The ancient Greeks had a term for self-destructive behaviour. It was called akrasia – the tendency to indulge in behaviour which goes against our better judgement or received wisdom – and there is plenty of this in health. It’s a fact: we eat too much and too much of the wrong things; we drink alcohol excessively; dabble in recreational drugs on a less than occasional basis; and lead sedentary lives (punctuated by brief visits to the pub or the local fast food take out or local drug dealer).
The 2012 Health Survey for England (but likely to reflect trends in other parts of the UK) estimates that only 7% of respondents actually live what are regarded as healthy lifestyles as measured on a seven-point risk factor scale, while 93% of us having at least one risk factor. Because of unwise lifestyle choices, we are prone to diabetes, heart disease and high blood pressure, which can ultimately lead to premature death – a case of “eat, drink and be ill, for tomorrow you will probably die prematurely.”
The problem is that the health services can barely cope; and this was so even before the government broke the public piggy bank to bail out the banking industry from financial Armageddon in 2008.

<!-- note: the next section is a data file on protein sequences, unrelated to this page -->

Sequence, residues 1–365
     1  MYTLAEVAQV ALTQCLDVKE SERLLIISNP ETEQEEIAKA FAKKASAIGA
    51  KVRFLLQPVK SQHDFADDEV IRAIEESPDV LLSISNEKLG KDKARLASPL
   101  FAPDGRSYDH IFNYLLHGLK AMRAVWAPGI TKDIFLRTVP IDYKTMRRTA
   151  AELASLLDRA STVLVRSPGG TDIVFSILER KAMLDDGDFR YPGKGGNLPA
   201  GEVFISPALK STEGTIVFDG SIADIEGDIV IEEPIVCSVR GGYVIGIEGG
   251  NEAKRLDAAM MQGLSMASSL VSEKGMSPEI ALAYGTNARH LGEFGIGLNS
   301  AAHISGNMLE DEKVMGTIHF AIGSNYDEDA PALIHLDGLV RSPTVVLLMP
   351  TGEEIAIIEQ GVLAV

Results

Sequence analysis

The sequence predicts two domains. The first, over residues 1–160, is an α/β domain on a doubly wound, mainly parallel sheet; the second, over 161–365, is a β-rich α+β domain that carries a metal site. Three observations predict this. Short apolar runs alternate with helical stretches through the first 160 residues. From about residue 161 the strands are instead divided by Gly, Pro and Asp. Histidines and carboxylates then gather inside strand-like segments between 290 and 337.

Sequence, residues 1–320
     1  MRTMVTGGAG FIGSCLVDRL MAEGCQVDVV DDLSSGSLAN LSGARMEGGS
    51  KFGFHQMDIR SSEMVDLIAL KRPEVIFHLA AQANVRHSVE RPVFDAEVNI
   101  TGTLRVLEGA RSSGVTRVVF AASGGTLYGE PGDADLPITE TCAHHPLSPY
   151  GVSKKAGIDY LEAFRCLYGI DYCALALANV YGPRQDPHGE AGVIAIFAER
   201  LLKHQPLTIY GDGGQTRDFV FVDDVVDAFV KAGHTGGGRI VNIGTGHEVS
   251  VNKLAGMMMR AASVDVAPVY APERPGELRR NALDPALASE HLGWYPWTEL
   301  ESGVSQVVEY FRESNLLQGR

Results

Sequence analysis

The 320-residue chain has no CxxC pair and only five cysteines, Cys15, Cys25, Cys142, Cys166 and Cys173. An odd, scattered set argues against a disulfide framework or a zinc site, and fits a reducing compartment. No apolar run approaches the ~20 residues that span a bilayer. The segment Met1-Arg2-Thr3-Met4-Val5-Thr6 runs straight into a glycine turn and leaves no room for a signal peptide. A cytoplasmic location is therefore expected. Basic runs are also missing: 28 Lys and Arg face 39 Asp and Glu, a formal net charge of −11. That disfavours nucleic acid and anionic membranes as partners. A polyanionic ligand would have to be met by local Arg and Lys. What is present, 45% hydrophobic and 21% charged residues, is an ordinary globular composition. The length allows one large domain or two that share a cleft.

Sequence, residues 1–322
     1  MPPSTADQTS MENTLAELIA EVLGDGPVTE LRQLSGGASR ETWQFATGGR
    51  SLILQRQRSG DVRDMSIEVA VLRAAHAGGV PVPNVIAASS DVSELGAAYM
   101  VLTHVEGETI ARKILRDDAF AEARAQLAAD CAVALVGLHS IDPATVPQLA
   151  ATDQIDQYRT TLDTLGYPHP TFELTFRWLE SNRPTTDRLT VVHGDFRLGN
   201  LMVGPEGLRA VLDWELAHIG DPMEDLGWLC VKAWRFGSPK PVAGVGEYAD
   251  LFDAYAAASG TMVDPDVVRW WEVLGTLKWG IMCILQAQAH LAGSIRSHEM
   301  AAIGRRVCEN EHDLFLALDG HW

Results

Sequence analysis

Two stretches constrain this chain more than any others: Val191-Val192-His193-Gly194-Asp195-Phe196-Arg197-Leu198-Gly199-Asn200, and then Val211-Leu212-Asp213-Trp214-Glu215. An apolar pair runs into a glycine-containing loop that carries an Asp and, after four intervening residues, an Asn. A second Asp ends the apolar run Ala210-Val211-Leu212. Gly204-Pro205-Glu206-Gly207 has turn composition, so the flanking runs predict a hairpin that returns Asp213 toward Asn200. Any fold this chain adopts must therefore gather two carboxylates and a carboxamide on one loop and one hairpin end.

Last year, NHS London published a report that outlined a doomsday financial shortfall of £4 billion by 2020 because of growing demands on hospital and primary care services. Expanding acute care services (building more hospitals) is simply not an option, London already has a vast concentration of teaching hospitals.
The long-held feeling, according to people such as Alan Maryon-Davis, former president of the Faculty of Public Health, is that the public play fast and loose with their health and with potentially lethal health risks because the NHS is seen as a health safety net. And in the meantime, four in every five deaths in London result from living unhealthily. For health apparatchiks, addressing lifestyle rather than disease would make a more sustainable health care system. Behaviour change is one way to do this.
A shove in the right direction
Governments can shove individuals towards better and healthier lifestyles. There are small shoves, which can include regular financial disincentives, such as taxation on cigarettes or bans of tobacco advertising. And there are big shoves that involve definite and forceful pushing of individuals to take up what are regarded as less harmful habits. Shoving is accomplished by actively restricting choices through bans, such as smoking in public places, or restrictions of certain goods or services regarded as harmful, such as the outlawing of multi-purchase, buy one get one free alcohol promotions in Scotland.
Shoves to restrict alcohol and smoking are now largely seen as legitimate targets. But what about pushing individuals towards healthy eating, taking up regular exercise or giving up their car? These could be regarded more as bullying, potentially flying in the face of individual liberty and expensive in terms of regulation and intervention.